Human Submandibular Gland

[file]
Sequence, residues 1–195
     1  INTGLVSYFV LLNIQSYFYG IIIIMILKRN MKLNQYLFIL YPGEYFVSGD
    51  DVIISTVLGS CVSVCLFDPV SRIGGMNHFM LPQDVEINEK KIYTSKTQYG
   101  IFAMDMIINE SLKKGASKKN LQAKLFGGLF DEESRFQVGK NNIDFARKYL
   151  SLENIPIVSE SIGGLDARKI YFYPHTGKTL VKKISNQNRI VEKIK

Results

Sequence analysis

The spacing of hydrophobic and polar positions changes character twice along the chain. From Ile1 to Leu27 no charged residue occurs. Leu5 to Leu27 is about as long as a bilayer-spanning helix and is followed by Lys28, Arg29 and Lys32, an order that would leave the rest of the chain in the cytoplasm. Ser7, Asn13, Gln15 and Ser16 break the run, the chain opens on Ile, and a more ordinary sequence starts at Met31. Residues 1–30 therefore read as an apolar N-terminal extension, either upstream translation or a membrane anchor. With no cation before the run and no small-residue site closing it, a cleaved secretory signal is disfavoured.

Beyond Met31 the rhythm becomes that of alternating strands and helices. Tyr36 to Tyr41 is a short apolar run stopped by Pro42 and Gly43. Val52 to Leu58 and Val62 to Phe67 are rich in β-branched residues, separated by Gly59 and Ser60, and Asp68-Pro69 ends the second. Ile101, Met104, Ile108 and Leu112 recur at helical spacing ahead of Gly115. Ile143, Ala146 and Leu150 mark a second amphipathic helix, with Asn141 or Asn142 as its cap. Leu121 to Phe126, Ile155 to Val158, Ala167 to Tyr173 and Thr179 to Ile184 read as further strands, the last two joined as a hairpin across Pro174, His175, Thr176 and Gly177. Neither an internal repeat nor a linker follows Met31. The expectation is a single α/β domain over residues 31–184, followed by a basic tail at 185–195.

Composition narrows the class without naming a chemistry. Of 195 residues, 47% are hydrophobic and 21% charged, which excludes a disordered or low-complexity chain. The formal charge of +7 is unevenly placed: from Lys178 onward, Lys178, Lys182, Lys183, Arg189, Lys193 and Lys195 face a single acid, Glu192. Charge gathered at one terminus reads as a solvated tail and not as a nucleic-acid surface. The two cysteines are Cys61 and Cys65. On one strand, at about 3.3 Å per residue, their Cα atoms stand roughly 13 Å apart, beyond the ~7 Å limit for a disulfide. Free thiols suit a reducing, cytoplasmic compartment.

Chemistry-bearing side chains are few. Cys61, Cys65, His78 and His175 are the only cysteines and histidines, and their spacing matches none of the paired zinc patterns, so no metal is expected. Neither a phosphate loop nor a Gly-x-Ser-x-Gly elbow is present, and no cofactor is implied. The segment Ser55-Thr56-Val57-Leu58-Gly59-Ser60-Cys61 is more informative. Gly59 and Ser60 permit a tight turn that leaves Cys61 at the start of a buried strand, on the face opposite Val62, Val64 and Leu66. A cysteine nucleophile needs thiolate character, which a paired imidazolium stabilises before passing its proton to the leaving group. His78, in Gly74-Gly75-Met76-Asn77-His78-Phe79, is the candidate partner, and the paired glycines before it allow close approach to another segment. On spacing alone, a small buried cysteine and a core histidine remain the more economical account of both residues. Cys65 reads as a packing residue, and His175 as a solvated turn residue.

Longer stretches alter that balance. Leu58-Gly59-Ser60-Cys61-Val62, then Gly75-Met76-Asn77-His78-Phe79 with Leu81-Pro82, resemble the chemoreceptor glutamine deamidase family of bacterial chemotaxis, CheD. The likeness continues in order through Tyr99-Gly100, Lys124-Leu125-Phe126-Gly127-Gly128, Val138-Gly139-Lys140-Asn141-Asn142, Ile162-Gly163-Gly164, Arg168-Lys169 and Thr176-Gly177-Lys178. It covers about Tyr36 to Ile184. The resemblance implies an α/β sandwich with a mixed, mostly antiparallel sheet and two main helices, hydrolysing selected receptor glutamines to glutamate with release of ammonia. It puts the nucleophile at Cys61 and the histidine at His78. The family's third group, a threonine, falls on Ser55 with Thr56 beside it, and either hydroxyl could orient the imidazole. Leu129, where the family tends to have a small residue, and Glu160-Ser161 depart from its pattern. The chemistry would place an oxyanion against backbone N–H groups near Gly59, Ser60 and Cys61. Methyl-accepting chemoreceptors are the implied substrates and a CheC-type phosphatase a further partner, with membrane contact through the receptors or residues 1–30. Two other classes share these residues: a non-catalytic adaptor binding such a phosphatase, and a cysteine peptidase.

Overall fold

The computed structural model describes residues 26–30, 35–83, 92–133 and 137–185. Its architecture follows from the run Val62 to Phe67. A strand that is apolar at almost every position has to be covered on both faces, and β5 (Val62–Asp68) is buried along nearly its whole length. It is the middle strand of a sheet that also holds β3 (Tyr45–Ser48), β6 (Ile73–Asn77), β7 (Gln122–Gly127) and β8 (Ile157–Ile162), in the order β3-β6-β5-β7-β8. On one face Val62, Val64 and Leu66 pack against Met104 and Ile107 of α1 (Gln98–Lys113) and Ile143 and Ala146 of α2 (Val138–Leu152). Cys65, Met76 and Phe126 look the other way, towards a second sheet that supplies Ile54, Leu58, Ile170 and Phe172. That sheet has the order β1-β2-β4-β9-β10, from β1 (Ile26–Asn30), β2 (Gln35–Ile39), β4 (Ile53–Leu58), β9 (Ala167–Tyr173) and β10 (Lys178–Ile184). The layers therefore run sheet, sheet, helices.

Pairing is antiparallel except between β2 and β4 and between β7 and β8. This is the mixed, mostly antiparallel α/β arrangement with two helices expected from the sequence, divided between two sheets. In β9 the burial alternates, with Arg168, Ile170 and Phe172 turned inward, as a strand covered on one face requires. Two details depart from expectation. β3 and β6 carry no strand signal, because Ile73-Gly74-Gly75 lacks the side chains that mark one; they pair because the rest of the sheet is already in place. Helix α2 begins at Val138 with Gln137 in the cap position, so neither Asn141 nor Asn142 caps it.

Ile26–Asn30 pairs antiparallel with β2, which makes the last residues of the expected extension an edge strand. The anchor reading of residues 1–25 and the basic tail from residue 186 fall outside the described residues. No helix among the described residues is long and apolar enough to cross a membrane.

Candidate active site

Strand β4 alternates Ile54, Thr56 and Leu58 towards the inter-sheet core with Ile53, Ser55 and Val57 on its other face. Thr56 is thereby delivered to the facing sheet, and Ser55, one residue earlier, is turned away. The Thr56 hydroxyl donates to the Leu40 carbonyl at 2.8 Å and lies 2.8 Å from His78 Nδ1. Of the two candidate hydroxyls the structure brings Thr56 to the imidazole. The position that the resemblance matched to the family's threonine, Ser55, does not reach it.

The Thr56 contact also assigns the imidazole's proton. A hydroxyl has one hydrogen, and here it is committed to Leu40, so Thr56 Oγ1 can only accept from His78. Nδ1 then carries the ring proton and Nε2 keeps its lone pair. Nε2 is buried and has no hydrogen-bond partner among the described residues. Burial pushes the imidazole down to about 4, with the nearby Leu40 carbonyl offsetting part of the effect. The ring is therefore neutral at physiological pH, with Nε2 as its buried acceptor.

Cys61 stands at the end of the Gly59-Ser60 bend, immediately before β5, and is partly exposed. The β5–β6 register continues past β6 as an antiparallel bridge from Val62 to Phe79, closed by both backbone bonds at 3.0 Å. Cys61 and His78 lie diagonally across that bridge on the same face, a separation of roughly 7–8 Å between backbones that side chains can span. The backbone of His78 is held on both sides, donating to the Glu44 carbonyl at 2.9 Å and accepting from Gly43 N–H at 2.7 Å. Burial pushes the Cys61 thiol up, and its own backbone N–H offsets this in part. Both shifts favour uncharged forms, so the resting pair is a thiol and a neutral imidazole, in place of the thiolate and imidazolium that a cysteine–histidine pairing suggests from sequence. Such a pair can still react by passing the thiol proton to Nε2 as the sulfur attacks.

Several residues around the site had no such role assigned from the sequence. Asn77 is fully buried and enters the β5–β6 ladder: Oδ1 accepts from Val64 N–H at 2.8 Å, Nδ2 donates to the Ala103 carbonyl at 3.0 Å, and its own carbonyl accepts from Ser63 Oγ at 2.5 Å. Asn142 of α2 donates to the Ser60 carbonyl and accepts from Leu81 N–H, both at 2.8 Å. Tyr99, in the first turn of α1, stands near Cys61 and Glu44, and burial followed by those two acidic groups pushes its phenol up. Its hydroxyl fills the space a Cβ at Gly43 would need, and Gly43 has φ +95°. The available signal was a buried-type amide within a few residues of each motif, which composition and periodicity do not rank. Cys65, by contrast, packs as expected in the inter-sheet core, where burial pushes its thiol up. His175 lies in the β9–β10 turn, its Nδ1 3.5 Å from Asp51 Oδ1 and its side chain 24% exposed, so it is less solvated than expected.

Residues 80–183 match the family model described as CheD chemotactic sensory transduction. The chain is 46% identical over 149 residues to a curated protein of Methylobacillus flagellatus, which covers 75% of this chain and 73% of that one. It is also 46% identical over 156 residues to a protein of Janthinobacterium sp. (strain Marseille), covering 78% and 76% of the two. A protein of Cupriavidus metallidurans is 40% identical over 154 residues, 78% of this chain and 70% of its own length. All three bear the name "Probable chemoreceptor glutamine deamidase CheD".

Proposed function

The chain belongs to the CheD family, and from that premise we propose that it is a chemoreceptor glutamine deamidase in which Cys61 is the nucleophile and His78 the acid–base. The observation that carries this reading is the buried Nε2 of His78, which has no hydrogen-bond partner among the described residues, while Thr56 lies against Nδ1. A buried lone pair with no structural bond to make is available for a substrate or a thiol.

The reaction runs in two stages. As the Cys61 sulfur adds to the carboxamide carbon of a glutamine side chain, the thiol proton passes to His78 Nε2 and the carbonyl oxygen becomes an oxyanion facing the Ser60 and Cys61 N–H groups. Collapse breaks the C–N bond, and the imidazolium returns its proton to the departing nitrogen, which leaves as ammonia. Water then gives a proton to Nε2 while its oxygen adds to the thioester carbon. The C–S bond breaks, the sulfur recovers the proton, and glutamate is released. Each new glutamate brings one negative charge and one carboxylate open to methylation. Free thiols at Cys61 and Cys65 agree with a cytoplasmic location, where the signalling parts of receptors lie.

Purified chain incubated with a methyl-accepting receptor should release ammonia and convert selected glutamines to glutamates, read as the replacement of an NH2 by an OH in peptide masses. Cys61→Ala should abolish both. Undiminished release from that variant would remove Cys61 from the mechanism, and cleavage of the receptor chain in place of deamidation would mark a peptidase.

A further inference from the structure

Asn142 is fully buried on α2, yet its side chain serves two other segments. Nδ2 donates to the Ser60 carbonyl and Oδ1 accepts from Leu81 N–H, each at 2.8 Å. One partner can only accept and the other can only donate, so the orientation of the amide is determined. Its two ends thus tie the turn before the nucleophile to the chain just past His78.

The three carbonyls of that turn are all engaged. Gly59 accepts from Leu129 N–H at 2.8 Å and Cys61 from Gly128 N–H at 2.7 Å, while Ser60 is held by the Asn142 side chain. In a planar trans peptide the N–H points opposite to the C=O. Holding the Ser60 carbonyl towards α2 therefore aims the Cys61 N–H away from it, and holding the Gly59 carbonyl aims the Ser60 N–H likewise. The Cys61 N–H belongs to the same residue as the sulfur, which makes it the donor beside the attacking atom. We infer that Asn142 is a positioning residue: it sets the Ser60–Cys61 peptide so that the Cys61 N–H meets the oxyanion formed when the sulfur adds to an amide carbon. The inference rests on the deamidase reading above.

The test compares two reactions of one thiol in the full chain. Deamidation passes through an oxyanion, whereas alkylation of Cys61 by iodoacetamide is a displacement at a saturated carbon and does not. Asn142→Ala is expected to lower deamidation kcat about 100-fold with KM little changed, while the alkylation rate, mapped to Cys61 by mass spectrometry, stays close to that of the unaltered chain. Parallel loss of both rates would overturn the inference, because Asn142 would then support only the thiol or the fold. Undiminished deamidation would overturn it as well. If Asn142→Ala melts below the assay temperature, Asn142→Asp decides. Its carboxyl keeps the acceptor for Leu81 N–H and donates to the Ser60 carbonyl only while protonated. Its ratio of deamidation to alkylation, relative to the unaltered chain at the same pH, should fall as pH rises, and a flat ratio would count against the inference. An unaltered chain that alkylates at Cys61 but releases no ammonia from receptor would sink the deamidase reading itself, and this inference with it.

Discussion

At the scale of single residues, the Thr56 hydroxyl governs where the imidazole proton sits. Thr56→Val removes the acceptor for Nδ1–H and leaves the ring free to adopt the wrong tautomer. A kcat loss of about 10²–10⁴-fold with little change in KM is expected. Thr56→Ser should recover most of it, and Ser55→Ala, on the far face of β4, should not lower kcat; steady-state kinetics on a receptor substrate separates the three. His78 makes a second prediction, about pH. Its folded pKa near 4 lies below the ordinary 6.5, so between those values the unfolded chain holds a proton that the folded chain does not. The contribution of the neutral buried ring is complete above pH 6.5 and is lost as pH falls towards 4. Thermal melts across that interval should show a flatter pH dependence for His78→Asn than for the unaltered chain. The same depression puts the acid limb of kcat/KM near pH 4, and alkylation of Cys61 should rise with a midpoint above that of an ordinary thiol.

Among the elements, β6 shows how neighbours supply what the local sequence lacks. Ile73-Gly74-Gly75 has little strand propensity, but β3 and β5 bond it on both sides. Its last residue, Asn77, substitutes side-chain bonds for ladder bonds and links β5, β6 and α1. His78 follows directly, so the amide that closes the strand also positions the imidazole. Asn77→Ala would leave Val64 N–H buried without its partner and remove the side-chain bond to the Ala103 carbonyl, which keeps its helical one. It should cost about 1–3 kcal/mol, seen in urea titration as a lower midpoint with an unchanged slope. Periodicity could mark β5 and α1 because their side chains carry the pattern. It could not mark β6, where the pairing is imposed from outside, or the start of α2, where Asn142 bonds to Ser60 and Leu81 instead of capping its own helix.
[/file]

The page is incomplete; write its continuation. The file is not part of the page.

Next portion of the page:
The submandibular gland is composed of several different types of cells. Mucous cells are primarily full of secretory droplets of mucin (a ropy viscous fluid), pushing the flattened nuclei to the basal portions of the cells. Serous cells (80 percent of human submandibular gland cells) are shaped like pyramids with more rounded nuclei and are also pushed to the base of the cell by secretory droplets of serum-albumin (thinner, more watery). The mixed alveoli (20 percent of human submandibular gland cells) of the submandibular gland are composed of serous cells topping mucous cells and in humans, purely mucous alveoli are not common. Lined by columnar cells with apical nuclei, the striated ducts are long and very conspicuous in gland sections under the microscope. They play a role in the secretion and absorption of salts, which modify the composition of the saliva. The striations are infoldings of the basal plasma membrane with rows of elongated mitochondria in the pockets.